Would potassium nitrate work as a oxidizer in a liquid fuel rocket?
Unsuitable, slapeter is for solid rocket fuel, classic liquid fuels are oxigen and NOS.
Playing with rockets is one thing but if you have to inquire about the basic fuels you need a better hobby as otherwise I only see you burning in a field somewhere...
Select as Best AnswerUndo Best Answer
well I have done many experiments with sugar candy and solid rocket fuels but I wanted to know if potassium would oxidize liquids.
Potassium nitrate mixed with a liquid fuel is one thing, and one thing only: a bomb. Put it in a rocket casing, and it's a pipe bomb.
Mix it in the UK, you're breaking several laws before you even light the fuse. Light it, and you're looking at jail time.
usually in a liquid fuel rocket, the oxidizer is separate from the fuel.
the only analogous solid+liquid system i can think of is the solidox welding torch. doing somethin similar for a rocket might take some serious engineering.
The Solidox welding torch did not use a solid oxidizer. It used a burning solid pellet to produce gaseous oxygen for the torch to use.
that burning solid pellet was 90% sodium chlorate, a strong oxidizer.
good think I don't live in the UK then
Are you sure that your local police will be happy that you are cooking up a version of the mixture most popular with the world's terrorists?
There is no legitimate use for a nitrate/liquid fuel mixture.
Are you sure you are not confused with the Ammonium nitrate/liquid fuel mixture?
(I missed this comment when it was made)
No, I'm not confusing it, that's why I said "a version" - mixing up any kind of amfo will bring you to the notice of secuity forces anywhere on the planet.
Even if it does - how do you want to mix it?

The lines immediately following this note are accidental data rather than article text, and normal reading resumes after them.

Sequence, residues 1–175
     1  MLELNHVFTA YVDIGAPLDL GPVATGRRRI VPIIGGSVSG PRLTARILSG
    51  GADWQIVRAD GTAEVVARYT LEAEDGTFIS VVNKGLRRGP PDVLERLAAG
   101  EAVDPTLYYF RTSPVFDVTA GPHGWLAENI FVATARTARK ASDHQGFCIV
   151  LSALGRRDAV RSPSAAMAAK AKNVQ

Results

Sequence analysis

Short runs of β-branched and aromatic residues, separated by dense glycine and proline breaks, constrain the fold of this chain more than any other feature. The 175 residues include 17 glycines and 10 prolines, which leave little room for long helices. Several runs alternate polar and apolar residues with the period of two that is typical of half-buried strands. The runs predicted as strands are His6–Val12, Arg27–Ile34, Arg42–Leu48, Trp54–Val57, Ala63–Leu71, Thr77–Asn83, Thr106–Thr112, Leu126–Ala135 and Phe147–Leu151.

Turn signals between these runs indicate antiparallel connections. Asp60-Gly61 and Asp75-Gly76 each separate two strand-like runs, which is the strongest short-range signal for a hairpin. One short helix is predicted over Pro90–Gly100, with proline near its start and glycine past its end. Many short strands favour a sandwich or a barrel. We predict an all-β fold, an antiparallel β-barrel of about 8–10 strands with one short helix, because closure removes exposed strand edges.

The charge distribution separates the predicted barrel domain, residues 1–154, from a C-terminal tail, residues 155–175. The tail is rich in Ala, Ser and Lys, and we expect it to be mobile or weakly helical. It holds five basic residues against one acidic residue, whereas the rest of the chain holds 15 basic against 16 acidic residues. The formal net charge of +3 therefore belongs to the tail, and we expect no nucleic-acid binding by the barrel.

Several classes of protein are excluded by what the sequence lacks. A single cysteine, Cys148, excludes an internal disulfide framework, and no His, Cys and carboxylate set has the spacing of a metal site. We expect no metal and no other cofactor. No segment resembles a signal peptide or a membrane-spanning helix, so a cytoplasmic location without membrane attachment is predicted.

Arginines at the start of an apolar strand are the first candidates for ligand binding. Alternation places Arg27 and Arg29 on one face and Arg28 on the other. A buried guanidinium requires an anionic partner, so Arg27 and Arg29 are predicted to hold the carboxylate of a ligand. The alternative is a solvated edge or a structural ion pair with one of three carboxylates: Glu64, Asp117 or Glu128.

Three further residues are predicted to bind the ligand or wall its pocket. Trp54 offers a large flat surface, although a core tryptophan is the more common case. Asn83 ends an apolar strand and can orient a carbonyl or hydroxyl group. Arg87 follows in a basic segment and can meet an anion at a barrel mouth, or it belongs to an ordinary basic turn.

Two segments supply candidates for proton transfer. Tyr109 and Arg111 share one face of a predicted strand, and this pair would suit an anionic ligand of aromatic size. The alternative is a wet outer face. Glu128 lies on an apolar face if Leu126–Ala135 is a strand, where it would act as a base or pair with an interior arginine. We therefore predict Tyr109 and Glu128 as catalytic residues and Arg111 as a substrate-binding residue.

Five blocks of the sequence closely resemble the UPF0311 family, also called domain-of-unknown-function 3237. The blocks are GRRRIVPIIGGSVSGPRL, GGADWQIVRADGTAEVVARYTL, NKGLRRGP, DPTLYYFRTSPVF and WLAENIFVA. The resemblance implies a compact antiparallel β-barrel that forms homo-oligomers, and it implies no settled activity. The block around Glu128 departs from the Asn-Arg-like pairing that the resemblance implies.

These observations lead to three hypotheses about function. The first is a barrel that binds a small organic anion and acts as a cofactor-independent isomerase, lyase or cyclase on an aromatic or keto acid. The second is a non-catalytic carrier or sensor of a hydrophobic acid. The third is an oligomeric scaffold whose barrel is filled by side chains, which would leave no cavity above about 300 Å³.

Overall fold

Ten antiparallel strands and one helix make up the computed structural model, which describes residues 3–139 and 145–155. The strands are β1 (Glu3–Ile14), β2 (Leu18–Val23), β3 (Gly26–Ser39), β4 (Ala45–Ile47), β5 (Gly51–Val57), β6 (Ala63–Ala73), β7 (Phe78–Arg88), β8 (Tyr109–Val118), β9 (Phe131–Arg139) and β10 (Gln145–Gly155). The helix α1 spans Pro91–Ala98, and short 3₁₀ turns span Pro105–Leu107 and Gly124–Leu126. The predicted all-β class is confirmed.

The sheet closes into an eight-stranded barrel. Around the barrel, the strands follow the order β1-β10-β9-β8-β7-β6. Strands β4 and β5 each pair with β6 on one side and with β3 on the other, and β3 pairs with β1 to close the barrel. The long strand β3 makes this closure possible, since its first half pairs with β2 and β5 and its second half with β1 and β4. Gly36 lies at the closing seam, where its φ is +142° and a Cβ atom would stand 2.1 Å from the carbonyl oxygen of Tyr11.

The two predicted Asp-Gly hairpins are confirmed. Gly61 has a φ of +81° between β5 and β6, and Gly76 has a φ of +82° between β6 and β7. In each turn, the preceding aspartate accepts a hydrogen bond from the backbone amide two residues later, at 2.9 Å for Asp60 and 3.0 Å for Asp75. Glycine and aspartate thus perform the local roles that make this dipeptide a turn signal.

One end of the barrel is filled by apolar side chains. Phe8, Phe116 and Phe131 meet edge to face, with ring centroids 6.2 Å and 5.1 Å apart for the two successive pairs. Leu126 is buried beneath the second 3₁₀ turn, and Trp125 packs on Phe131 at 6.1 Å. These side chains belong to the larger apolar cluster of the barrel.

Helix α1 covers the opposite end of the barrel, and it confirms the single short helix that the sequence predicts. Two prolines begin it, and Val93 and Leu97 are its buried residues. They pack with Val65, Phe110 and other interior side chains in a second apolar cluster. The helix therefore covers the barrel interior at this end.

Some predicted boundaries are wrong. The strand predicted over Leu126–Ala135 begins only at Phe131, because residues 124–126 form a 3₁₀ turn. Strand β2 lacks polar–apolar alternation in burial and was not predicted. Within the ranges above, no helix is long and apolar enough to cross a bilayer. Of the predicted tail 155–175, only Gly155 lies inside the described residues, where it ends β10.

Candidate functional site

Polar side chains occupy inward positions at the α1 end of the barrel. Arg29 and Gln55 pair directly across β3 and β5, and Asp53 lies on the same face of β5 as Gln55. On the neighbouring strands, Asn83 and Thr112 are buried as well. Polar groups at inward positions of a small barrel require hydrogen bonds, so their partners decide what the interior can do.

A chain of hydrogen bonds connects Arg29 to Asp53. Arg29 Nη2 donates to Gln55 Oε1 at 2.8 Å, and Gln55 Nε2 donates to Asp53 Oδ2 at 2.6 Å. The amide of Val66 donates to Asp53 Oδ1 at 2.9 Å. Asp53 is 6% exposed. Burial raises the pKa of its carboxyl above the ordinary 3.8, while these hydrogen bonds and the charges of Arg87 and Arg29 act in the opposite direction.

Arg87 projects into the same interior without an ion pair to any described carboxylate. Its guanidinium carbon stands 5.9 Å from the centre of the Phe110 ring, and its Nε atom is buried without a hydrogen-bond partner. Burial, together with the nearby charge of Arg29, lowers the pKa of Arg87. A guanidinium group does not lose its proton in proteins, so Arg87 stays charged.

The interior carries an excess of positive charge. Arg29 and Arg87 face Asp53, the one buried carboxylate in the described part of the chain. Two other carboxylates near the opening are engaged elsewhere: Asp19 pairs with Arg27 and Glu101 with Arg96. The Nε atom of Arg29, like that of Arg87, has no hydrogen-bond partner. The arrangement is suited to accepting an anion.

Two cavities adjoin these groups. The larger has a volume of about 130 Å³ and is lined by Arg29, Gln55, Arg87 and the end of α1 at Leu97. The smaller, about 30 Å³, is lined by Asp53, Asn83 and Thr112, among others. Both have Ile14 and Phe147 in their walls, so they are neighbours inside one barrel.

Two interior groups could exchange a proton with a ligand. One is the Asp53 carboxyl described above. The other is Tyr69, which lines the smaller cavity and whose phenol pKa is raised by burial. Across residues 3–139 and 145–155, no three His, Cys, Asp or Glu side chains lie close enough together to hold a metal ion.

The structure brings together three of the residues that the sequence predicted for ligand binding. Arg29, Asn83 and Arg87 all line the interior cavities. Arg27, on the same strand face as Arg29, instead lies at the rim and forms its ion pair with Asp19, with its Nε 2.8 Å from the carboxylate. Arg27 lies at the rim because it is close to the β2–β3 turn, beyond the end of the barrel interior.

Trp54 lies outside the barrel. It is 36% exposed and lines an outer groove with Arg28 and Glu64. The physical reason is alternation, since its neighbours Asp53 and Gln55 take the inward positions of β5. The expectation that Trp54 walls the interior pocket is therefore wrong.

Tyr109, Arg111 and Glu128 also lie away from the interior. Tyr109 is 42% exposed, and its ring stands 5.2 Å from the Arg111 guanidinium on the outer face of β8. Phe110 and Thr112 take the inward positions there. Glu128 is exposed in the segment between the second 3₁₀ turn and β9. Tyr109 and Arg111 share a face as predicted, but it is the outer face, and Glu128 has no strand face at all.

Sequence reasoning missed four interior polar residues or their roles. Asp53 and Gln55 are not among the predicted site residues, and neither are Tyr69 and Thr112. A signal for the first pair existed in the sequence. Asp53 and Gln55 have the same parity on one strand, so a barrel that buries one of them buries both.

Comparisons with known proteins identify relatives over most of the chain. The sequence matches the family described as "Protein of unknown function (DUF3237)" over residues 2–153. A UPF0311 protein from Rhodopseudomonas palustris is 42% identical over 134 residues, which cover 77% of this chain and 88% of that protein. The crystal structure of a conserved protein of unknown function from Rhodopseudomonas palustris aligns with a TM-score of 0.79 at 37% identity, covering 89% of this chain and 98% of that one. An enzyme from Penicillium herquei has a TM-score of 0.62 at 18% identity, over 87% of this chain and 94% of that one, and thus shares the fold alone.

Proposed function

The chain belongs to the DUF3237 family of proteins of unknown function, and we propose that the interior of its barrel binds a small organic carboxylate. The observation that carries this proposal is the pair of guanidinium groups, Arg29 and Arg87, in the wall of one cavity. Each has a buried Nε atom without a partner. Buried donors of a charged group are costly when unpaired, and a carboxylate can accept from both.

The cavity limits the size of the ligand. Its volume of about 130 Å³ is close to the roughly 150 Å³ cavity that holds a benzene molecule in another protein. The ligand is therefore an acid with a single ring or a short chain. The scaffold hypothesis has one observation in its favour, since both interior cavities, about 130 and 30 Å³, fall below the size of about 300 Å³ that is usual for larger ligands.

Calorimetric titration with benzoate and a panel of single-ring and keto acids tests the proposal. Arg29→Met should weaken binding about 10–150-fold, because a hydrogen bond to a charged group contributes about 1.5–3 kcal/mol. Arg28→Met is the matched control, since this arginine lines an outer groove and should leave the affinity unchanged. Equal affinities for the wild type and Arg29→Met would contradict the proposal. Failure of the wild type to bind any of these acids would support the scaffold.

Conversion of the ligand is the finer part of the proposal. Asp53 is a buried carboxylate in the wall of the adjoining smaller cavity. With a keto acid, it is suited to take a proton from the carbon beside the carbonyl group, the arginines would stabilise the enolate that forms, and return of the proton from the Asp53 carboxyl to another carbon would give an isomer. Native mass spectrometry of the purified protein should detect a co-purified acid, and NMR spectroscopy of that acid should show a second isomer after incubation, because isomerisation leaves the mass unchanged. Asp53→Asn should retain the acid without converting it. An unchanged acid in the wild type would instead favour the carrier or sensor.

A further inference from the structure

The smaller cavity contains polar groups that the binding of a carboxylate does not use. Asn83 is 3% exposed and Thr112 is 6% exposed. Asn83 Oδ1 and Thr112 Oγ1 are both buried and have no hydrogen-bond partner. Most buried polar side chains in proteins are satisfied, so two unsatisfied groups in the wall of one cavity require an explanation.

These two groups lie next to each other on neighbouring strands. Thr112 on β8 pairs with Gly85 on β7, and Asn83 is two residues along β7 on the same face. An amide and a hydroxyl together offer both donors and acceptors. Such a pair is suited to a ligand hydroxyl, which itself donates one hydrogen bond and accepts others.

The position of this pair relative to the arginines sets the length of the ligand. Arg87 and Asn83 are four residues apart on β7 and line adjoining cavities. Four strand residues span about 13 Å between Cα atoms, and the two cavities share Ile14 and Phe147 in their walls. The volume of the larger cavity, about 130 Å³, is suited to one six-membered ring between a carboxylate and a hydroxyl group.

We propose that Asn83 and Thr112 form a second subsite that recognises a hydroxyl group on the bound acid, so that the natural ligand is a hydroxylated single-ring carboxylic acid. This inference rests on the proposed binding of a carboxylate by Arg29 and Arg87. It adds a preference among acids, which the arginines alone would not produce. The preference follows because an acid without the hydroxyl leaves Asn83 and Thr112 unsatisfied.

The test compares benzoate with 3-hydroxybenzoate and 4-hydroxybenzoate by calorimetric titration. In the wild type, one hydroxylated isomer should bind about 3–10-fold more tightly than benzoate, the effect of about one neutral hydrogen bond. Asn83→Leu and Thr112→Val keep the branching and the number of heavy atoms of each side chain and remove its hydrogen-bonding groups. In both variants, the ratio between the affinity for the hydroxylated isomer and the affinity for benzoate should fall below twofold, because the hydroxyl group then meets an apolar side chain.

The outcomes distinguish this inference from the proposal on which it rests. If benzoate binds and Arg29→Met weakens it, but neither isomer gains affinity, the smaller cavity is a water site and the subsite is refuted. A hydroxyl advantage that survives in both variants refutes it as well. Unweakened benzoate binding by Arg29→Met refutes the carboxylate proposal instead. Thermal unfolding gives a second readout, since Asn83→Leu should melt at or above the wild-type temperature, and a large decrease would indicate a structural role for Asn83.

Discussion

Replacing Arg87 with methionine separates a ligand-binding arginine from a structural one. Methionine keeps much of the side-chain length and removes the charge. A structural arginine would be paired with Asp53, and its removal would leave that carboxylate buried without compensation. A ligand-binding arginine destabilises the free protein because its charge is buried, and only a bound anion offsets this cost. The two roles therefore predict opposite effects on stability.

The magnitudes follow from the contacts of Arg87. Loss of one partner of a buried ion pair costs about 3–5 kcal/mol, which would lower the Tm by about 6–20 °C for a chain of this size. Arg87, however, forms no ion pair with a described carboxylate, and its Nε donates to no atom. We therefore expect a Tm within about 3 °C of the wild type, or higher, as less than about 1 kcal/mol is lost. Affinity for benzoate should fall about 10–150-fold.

There is a reason why we have solid fuel and liquid fuel rocket engines - but not a mix.
If want to mix solid with liquid than usually the oxidizer is the liquid, like a salami rocket using nitrous oxide.
In theory (was stupid enough to test it a few years back) you can melt the nitrate at around 350° celsius and pour it into a tubular mold that has a hole throug it.
The fuel goes under high pressure through this hole and will cause a very intense reaction.
Downside is you have to include a chemical "heating system" to get the upper part of the nitrate to almost boiling point before starting the fuel.
I also means that you have to have extremely precise measurements for averything as you need to calculate the pressures and expected temperatures inside this nitrate tube.
If all goes well 100% you get a rocket that goes like stink, make only the slightest mistake or mis-calculation and all you have is a massive pipe bomb exploding in front of you.
For these exact reasons noone bother to use a system like this as there are plenty of alternatives available that are considered to be safe and working perfectly.
By the way, all suitable liquid fuels that I could consider "usable" for this are either highly toxic, very harmful or even in trace amounts a disaster for the enviroment.I would say unless for the fun of talking about it this topic could be closed and marked as too dangerous ;)
"when all has been said and done, more will have been said than done"
its good to talk about this stuff, partly to know what not to do! ;)
think i' ll start a new thread.. MOST DANGEROUS STUFF YOU'VE DONE.
according to results, SPORTS is top of my list.
according to statistics, DRIVING is pretty risky...
Has no one here heard of hybrid rocket engines? They mix solid fuel with liquid oxidizer, usually Nitrous Oxide. However, liquid fuel with solid oxidizer does not sound like a good idea. The oxidizer is actually the dangerous stuff, and having it in a tank makes it much more controllable.
Oh, yeah. I'd forgotten about those. I wonder what would happen if a similar device was made with fuel and ox reversed. .. I wouldn't mind watching that experiment-- through a good telescope! Not touching it with a 10 ft pole, tho.
Riding rockets is dangerous even on a good day. If you're not involved in the launch, use that telescope.
Depends on what you are oxidizing. What does your chemistry book say?